“Situational Analysis” is a series of articles that seeks to examine the circumstances that most often influence an NBA prospect’s success. Each player will be scored on a scale from 1-10 in four different categories: NBA-specific skill(s), fatal flaw(s), collegiate/overseas/pre-NBA environment, and ideal NBA ecosystem.
Jalen Suggs is a 20-year-old guard from Saint Paul, Minnesota, who averaged 14.4 points, 5.3 rebounds and 4.5 assists in his freshman season for the Gonzaga Bulldogs. He is expected to be selected among the top-5 picks in the upcoming NBA Draft and as high as No. 2 overall. NBADraft.net currently has him projected at No. 3.
Jalen Suggs made one of the greatest shots in the history of college basketball. What else do you need?
OK, sure, some might call it irresponsible to base an entire scouting report on one shot, but sometimes, a split second can tell you everything you need to know about a prospect.
Everyone agrees that Suggs is fearless, savvy, tough, clutch, mature beyond his years – all the superlatives coaches love to throw around. Beyond that, however, Suggs seems to elevate his game when the moment calls for it. He can get to the rim seemingly at will, but his incredible quickness seems to rachet up just a hair toward the end of games. When opponents are getting winded, Suggs is just getting started.
Suggs has all the physical tools and then some, but it’s the speed of his decision-making processes that makes it seem as if he’s playing in a different gear. He plays with supreme confidence and leadership ability.
At 6-4 with excellent length, he can toggle between both guard spots and switch across multiple positions on defense. He rebounds better than most forwards. His potential as a two-way backcourt wrecking ball is unrivaled in this draft.
He’s a bruiser like Jason Kidd or prime Deron Williams with the wheels of De’Aaron Fox or prime John Wall. It’s a rare combination. Suggs is a rare prospect.
On a scale from 1-10, Suggs’ well-rounded game rates at a 9.
Suggs’ outside shooting is most charitably described as “streaky” at this point.
Outside of the occasional 40-foot game-winner, Suggs is not what one would call a reliable perimeter shooter at this point of his development. He hit only 33.7% of his 3s from the college line. When he gets it going (7-10 from 3 versus Iowa, 4-7 versus BYU), he is impossible to defend, but he had more subpar shooting nights than one would like to see from a lottery prospect.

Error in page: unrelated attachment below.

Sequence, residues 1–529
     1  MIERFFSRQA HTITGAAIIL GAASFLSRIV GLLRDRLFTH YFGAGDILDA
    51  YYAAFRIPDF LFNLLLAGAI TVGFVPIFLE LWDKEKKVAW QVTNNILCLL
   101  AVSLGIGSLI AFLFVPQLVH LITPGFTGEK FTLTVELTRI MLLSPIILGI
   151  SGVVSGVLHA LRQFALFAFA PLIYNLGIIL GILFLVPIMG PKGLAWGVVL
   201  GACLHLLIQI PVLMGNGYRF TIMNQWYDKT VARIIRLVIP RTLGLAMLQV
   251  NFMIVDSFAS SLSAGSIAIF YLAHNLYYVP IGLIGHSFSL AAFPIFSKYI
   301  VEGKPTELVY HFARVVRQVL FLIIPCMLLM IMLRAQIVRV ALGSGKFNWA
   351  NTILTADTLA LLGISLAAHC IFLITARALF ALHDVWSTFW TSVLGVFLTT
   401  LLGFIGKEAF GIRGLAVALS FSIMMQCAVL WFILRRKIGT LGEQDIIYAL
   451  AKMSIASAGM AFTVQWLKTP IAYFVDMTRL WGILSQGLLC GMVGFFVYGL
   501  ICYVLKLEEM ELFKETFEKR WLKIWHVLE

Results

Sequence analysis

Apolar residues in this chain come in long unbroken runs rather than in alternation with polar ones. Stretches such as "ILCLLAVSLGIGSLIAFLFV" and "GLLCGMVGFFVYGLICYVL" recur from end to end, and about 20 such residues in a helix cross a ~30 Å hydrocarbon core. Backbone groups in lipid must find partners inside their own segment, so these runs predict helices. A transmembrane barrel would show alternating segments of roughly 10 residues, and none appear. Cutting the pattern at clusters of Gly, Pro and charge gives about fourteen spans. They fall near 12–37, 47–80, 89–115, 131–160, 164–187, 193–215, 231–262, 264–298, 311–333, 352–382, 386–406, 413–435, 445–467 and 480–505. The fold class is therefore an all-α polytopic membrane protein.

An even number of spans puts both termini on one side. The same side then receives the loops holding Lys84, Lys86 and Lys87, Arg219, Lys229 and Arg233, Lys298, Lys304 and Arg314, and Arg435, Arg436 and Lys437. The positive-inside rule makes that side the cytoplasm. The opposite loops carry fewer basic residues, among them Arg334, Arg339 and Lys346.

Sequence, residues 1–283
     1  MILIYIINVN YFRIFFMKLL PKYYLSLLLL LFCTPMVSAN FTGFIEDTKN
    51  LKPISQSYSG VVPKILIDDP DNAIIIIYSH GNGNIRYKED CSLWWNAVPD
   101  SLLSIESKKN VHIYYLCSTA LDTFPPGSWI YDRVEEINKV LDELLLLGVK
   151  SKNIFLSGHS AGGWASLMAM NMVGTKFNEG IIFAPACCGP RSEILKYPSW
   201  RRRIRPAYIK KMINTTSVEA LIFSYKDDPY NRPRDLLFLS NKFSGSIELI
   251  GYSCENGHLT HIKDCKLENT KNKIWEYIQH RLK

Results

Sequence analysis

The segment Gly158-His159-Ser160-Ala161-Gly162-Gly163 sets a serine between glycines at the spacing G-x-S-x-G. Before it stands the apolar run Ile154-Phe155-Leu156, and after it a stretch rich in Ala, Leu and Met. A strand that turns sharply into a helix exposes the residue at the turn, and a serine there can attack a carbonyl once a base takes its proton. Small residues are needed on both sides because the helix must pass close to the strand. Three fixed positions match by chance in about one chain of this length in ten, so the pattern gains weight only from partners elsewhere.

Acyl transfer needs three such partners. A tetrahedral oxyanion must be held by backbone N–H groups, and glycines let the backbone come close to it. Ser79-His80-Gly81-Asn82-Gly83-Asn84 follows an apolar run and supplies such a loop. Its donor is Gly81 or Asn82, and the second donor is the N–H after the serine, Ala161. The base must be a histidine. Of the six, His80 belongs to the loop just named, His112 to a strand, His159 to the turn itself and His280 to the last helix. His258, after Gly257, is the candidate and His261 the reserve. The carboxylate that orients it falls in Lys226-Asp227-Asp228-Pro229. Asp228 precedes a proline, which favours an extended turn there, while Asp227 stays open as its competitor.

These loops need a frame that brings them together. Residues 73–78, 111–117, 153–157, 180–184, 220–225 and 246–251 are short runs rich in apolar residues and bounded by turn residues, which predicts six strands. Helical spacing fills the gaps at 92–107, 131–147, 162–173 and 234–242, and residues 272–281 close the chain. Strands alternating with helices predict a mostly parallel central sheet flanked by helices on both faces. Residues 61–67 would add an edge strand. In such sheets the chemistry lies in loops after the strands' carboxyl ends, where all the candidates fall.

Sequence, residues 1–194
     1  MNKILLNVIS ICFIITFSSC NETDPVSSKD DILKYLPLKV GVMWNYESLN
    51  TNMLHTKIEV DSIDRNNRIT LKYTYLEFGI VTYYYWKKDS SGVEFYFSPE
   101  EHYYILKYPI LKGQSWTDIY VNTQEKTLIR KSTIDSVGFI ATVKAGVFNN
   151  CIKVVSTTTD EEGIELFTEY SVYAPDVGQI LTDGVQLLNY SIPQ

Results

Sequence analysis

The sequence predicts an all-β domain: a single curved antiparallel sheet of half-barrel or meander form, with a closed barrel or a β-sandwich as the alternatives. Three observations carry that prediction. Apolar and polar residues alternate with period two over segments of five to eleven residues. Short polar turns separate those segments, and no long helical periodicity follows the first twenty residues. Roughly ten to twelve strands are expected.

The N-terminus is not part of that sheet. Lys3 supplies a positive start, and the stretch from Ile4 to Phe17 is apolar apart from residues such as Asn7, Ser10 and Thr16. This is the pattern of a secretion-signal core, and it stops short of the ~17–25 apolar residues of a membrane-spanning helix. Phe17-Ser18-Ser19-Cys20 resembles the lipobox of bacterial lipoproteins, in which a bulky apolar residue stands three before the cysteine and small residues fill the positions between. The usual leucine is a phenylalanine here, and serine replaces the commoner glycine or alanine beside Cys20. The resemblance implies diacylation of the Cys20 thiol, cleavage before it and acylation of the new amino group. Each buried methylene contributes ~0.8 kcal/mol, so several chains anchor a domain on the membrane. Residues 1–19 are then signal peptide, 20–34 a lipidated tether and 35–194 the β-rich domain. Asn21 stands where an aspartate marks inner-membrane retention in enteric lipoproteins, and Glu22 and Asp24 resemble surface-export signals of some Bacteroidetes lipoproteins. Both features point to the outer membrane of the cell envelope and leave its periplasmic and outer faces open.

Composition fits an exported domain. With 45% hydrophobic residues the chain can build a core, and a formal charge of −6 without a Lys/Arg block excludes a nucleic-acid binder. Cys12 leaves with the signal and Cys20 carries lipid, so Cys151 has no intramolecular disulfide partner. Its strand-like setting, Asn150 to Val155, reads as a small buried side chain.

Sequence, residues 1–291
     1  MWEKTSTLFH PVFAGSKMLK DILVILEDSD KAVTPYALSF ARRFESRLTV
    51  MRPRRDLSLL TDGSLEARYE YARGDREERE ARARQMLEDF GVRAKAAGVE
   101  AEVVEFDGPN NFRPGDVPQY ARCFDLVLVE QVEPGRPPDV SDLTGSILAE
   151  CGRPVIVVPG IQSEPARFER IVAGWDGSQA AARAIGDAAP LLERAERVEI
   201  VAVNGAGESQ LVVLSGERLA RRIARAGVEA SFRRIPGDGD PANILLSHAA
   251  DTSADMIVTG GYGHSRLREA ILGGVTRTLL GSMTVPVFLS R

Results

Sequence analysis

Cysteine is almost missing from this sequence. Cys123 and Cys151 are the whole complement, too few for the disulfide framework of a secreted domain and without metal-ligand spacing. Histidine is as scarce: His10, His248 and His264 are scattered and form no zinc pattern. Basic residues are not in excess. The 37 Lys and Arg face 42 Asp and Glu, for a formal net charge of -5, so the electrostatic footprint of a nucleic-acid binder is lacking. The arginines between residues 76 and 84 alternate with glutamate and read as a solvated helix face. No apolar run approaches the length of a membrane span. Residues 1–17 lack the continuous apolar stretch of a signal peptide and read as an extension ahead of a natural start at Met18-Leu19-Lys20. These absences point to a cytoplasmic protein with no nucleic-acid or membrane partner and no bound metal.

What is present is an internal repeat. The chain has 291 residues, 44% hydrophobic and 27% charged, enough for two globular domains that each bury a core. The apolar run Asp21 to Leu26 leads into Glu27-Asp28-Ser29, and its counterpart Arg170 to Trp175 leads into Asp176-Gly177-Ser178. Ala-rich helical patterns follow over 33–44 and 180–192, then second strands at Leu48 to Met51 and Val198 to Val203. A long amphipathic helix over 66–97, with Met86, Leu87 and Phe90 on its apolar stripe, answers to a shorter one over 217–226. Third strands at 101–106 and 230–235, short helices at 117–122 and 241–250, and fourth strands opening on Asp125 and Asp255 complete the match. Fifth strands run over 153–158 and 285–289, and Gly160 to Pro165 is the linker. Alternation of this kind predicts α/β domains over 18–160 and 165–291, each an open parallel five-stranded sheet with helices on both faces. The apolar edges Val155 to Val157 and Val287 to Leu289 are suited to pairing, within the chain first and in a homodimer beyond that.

Also, for as savvy and intelligent as Suggs is, he turns the ball over a lot more than one would expect. He can get caught trying to do too much and find himself out of position. The line between “electrifying” and “sloppy” is a thin one.
A lot of these kinks can be worked out through added maturity and experience. But if Suggs can’t develop into at least a league-average 3-point shooter, he might end up having a Marcus Smart-type career – good, but not an All-Star.
On a scale from 1 (not a concern) to 10 (serious hindrance), Suggs’ streaky shooting is an 8.
Suggs earned all the accolades one would expect for his exploits on the hardwood, but he also enjoyed an equally impressive high school football career.
It’s not every day you see someone earn the Mr. Basketball and Mr. Football awards in the same season. In fact, it had never happened in the history of Minnesota until Suggs came along.
If Suggs couldn’t hoop, it’s highly likely we would have seen him land on a high-major program as a dual-threat quarterback along the lines of the Vick brothers.
Instead of starring on the gridiron, the Pacific Northwest benefitted from Suggs’ decision to join the Gonzaga Bulldogs and lead them to the cusp of the national title before losing to Baylor.
On a scale from 1-10, Suggs’ pre-NBA career rates at a 9.5. He gets an extra half-point for the shot against UCLA and it would have been a perfect 10 had the Zags beaten Baylor.
Ideal NBA Ecosystem
Suggs is one of the most situationally independent players in this year’s draft. Every team – regardless of roster construction or surrounding talent – needs a fiery 6-4 guard who can do a little bit of everything.
NBADraft.net currently has him slotted at No. 3 to the Cleveland Cavaliers, who already have a young/athletic/erratic backcourt in Darius Garland and Collin Sexton. It would not benefit either party for Suggs to end up here, but it would open up the possibility for the Cavs to trade either half of SexLand for more frontcourt help.
The Houston Rockets are in desperate need of backcourt playmaking, and John Wall (should he remain a Rocket) would be a solid Suggs mentor.
Orlando, picking at No. 5 and 8, have needed a player like Suggs for what seems like decades, but it’s unlikely that he’ll last until Orlando’s first pick. Perhaps a move up would be in order?
Of course, the snuggest landing spot for Suggs is north of the border. If Kyle Lowry elects to move on, that would leave a Suggs-sized hole in the backcourt alongside Fred Van Vleet.
On a scale from 1-10, Suggs’ situational independence rates at a 9. I like Suggs as a dark-horse Rookie of the Year candidate if he ends up on a roster where he gets 25-30 minutes per game.